Resurfacing

Having turned in my revisions after weeks of steady work, I spent a week mentally catching my breath and another one literally looking around me.  I don’t know if this is the case for all writers, but after days and weeks of immersing myself in characters and their time period, returning to my own life is a bit like breaking the surface in a pool.  Under water, the sights and sounds of life above the surface can be heard, but they’re muted.  When you come up for air, that first breath of air fills your lungs in an exhilarating rush, but you’re also taking in bright sunlight, vivid colors and shouts, music and laughter.  All of these are delightful, but the first two seconds almost assault the eyes and ears.

Once I hit the ‘send’ button to the editor, I looked around and started wondering: When did summer get here?  How can it be time to get my hair cut again already?  What is that pile of laundry doing in my room and has it been washed or not?  Who broke into the basement and left that mess all over my desk???

As  post-deadline life settled down, I’ve given myself permission to not sit at the computer for hours day after day.  In between writing sessions, I’ve cleaned, cooked, gotten my hair done, spent time with my family, spent time with fellow writers (hurrah!), danced at a wedding with my beloved (double hurrah!), and just generally acted like a normal person.  Or at least as normal as we ever get in my family.

I’ve also visited two works-in-progress and decided they weren’t total wretched pieces of crap, and plotted my next book.  Most of it, anyway.  Writing is a process as well as a craft and an art.  I know it will take a bit of time before I am really pulled under again into the world of my next set of characters.  But settling down to work on each day’s pages, I look forward to the next dive into the pool.

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6 thoughts on “Resurfacing”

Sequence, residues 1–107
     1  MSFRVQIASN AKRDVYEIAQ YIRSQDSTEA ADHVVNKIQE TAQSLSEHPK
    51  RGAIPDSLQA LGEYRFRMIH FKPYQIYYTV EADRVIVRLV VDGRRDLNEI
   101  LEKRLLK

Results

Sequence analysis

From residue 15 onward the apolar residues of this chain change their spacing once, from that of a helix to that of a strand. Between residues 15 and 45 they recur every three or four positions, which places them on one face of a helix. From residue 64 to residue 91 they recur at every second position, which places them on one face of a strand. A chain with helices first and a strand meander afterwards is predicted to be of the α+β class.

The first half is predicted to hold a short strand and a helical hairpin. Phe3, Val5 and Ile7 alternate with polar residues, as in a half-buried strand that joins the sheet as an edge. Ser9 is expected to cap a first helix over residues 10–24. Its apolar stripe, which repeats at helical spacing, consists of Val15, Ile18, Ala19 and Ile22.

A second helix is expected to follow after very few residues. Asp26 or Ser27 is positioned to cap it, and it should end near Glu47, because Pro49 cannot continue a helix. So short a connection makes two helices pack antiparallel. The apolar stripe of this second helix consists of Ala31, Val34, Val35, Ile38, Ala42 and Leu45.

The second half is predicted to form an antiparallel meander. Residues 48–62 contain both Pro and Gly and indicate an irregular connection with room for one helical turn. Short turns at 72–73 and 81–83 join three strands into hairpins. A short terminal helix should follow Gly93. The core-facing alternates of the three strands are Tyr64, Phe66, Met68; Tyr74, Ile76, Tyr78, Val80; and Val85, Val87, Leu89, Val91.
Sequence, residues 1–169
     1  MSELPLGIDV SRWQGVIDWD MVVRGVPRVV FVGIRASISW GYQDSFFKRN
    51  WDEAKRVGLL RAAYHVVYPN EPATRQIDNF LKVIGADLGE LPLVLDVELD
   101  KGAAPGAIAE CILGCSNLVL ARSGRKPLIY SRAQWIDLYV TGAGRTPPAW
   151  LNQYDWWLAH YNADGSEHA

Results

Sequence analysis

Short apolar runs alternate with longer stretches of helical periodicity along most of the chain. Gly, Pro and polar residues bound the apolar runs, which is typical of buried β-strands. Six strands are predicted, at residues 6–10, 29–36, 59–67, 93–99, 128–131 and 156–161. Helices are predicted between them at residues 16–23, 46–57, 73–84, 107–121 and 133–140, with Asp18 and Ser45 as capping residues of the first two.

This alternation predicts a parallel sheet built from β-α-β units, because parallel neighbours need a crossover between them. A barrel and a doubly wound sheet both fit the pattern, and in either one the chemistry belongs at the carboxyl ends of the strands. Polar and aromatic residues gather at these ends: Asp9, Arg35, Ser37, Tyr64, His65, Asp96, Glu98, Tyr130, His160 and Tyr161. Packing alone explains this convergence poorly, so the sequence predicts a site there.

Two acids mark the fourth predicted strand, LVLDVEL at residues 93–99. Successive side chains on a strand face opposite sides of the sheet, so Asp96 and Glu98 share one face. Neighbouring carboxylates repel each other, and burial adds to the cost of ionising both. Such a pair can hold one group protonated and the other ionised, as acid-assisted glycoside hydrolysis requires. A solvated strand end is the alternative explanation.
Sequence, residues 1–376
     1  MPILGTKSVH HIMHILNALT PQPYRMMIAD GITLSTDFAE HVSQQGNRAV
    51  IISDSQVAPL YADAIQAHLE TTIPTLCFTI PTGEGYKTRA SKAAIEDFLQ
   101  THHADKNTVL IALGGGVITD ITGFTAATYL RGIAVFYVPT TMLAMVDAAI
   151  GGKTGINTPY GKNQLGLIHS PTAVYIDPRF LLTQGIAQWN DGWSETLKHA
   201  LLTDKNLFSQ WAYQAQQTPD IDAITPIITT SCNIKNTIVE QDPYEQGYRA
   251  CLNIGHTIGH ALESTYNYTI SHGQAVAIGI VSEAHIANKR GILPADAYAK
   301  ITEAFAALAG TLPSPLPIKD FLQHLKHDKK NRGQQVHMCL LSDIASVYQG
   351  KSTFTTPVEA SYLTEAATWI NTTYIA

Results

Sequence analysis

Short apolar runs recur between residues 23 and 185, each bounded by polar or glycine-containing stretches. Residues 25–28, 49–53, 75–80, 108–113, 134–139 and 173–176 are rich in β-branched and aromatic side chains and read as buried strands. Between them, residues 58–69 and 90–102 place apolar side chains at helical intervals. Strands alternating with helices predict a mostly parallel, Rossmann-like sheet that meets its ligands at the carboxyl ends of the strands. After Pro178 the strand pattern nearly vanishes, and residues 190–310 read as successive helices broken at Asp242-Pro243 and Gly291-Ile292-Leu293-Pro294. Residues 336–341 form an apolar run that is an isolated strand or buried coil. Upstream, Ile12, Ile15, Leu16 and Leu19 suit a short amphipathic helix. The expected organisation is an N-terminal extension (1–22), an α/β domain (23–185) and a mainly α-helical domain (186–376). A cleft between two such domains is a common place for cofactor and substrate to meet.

1. Ann, I think we’re in the same place at the moment. I’ve just sent in a book after a week of intense revisions and have rediscovered life (and the ironing) anew. Did a couple of hours of gardening this morning and loved being out in the open air. But those book ideas keep popping up, don’t they, and tempting you back to your desk. Good luck with the next manuscript. I’m looking forward to reading To Be Seduced – have just put in an order for it. You got me with that blurb!

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    1. It’s always such a relief getting that latest project in, isn’t it, Nicola? Gardening is a mutual effort at our house: I decide where the plants should go, and my hubby plants them! As I’ve got the legendary brown thumb while he grows things like magic, this is a good thing. Since I’m cooking again, we enjoy dinners in our back yard or sit and watch the fireflies come out. And I find a lot of new ideas or solutions to plot problems come to me while cooking.

      I hope you enjoy To Be Seduced! The Restoration period has fascinated me since I first got a close look at it in theater history class — talk about a society in flux.

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  2. I like the way you divide up the gardening work, Ann! Interesting that you find cooking helps refresh your creativity – I think the Wenches are discussing that topic this month.

    The Restoration period fascinates me too. As I work in a 17th century house, owned originally by a man who was friend to Charles II and Prince Rupert, I am a little obsessed. Love the sound of your theatre history class too!

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